The world economy is slowing down and the authorities are fretting.
Articles: interest rates (10)
How far the oil price will come down and for how long it will stay “low” is now anyone’s guess. A declining price results from weakening demand while supplies are improving.
The standard way to make forecasts of almost anything is to look at recent trends and assume that this trend will continue, at least for the next several years.
Academic researchers Carmen Reinhart and Kenneth Rogoff have become famous for their book This Time is Different: Eight Centuries of Financial Folly and their earlier paper This Time is Different: A Panoramic View of Eight Centuries of Financial Crises. Their point, of course, is that the same …
In a recent speech to the International Monetary Fund economist Larry Summers argued that since near zero interest rates have not stimulated GDP growth sufficiently to reach full employment, we probably need a negative interest rate.
December 23rd marks the 100th anniversary of the Federal Reserve. Dissatisfaction with its track record has prompted calls to audit the Fed and end the Fed.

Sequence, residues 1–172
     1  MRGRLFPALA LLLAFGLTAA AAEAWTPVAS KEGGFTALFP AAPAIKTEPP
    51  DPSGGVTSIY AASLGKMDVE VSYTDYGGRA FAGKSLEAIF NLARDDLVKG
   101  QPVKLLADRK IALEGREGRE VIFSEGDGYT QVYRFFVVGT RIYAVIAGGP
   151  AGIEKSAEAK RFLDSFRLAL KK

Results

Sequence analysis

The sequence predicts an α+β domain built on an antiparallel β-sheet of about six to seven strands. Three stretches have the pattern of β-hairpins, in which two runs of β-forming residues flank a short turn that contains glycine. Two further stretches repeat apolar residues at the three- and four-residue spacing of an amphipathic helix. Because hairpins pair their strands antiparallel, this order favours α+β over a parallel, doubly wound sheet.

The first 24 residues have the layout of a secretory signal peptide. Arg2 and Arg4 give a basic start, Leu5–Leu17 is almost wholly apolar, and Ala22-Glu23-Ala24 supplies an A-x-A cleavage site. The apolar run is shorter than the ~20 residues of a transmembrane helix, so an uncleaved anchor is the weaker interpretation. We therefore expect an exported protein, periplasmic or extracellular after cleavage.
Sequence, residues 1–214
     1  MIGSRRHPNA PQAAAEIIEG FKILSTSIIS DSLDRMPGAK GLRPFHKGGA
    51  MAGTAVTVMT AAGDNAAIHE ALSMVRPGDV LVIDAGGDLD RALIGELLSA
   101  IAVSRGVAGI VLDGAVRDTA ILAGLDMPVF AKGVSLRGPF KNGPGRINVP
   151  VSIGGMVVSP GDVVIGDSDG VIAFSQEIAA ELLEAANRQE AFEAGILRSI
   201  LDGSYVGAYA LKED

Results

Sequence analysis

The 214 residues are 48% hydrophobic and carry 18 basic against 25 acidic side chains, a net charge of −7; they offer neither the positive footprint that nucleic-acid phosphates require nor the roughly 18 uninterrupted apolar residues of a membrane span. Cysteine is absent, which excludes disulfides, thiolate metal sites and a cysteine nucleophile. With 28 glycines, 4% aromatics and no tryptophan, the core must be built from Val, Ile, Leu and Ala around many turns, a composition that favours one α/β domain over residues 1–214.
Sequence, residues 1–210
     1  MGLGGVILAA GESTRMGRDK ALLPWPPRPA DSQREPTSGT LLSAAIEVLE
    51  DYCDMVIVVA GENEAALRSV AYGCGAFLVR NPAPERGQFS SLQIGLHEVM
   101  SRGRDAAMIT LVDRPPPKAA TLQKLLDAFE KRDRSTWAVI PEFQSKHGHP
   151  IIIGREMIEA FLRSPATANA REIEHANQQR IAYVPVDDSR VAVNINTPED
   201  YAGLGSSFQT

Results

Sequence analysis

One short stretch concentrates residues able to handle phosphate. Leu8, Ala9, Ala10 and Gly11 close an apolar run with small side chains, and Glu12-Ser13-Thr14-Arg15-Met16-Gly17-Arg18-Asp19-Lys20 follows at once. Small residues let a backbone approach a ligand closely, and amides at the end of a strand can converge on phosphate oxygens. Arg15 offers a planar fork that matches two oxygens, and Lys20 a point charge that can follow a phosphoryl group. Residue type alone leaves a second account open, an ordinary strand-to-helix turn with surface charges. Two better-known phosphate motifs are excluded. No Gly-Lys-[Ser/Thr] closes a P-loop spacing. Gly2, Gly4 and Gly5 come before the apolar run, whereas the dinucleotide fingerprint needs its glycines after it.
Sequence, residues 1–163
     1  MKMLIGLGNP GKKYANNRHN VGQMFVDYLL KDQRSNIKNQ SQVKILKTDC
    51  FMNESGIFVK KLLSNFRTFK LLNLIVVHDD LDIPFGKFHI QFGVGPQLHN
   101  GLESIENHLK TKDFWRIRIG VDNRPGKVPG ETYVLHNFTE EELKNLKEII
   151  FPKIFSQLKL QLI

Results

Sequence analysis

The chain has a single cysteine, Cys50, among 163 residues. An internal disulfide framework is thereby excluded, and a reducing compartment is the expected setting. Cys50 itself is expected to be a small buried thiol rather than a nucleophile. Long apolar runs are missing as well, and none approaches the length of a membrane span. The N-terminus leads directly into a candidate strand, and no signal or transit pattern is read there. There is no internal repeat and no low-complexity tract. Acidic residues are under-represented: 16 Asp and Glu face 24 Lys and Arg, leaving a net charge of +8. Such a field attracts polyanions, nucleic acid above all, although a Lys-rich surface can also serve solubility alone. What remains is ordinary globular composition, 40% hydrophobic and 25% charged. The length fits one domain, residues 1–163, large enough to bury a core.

I've spent the weekend pondering how to bring this series to a conclusion and I decided that these last two pieces -- the optimistic and the pessimistic view of the future -- will, for the sake of focus, have to deal with only a couple of variables.
What is your house worth? What is a company's stock worth? What is your dollar worth? Nobody really knows because there isn't actually a market for any of those things.
Yesterday we looked at how debt is used to generate high returns, particularly for a small subset of the population and especially during times when central policy makers commit to extended periods of low, stable interest rates.
If Britain is broke at the moment, then – looking at this longer series – it was also broke for a whole century between 1750 and 1850, and for 20 years after the Second World War. In reality, in neither case did the UK default, and reveal itself as bust – both periods were …